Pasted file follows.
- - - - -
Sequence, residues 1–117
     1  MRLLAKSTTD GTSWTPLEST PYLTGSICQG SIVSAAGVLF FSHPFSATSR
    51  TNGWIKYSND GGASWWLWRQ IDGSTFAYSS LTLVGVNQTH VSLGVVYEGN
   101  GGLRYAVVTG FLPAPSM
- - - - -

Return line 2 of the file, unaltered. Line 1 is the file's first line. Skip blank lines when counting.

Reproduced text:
     1  MRLLAKSTTD GTSWTPLEST PYLTGSICQG SIVSAAGVLF FSHPFSATSR